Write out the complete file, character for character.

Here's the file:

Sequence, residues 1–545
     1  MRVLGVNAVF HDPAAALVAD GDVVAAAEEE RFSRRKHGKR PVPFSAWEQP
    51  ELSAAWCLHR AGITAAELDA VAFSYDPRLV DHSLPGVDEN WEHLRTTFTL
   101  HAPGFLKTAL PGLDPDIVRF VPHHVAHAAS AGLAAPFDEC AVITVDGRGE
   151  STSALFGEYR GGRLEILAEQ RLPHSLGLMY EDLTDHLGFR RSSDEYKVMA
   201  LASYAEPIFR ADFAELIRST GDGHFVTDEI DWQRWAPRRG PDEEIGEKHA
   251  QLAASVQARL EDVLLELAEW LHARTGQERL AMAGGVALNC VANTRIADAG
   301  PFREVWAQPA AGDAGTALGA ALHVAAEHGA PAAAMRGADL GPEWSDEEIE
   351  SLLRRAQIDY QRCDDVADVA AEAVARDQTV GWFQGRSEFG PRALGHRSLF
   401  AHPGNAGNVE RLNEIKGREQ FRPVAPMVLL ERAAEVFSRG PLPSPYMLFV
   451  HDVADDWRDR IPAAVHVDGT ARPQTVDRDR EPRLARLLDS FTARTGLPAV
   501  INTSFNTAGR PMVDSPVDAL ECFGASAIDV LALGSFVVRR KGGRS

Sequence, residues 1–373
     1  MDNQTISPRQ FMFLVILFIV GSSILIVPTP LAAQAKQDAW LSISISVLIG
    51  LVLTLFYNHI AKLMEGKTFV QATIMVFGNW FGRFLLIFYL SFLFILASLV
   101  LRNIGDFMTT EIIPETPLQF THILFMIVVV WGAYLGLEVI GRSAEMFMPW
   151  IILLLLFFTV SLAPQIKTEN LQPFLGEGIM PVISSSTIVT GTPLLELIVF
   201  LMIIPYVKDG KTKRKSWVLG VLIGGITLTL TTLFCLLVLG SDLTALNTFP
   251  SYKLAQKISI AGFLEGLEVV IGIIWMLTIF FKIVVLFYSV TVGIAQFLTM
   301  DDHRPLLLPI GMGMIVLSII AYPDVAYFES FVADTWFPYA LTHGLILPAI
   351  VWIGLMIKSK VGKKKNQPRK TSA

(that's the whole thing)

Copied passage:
Sequence, residues 1–545
     1  MRVLGVNAVF HDPAAALVAD GDVVAAAEEE RFSRRKHGKR PVPFSAWEQP
    51  ELSAAWCLHR AGITAAELDA VAFSYDPRLV DHSLPGVDEN WEHLRTTFTL
   101  HAPGFLKTAL PGLDPDIVRF VPHHVAHAAS AGLAAPFDEC AVITVDGRGE
   151  STSALFGEYR GGRLEILAEQ RLPHSLGLMY EDLTDHLGFR RSSDEYKVMA
   201  LASYAEPIFR ADFAELIRST GDGHFVTDEI DWQRWAPRRG PDEEIGEKHA
   251  QLAASVQARL EDVLLELAEW LHARTGQERL AMAGGVALNC VANTRIADAG
   301  PFREVWAQPA AGDAGTALGA ALHVAAEHGA PAAAMRGADL GPEWSDEEIE
   351  SLLRRAQIDY QRCDDVADVA AEAVARDQTV GWFQGRSEFG PRALGHRSLF
   401  AHPGNAGNVE RLNEIKGREQ FRPVAPMVLL ERAAEVFSRG PLPSPYMLFV
   451  HDVADDWRDR IPAAVHVDGT ARPQTVDRDR EPRLARLLDS FTARTGLPAV
   501  INTSFNTAGR PMVDSPVDAL ECFGASAIDV LALGSFVVRR KGGRS

Sequence, residues 1–373
     1  MDNQTISPRQ FMFLVILFIV GSSILIVPTP LAAQAKQDAW LSISISVLIG
    51  LVLTLFYNHI AKLMEGKTFV QATIMVFGNW FGRFLLIFYL SFLFILASLV
   101  LRNIGDFMTT EIIPETPLQF THILFMIVVV WGAYLGLEVI GRSAEMFMPW
   151  IILLLLFFTV SLAPQIKTEN LQPFLGEGIM PVISSSTIVT GTPLLELIVF
   201  LMIIPYVKDG KTKRKSWVLG VLIGGITLTL TTLFCLLVLG SDLTALNTFP
   251  SYKLAQKISI AGFLEGLEVV IGIIWMLTIF FKIVVLFYSV TVGIAQFLTM
   301  DDHRPLLLPI GMGMIVLSII AYPDVAYFES FVADTWFPYA LTHGLILPAI
   351  VWIGLMIKSK VGKKKNQPRK TSA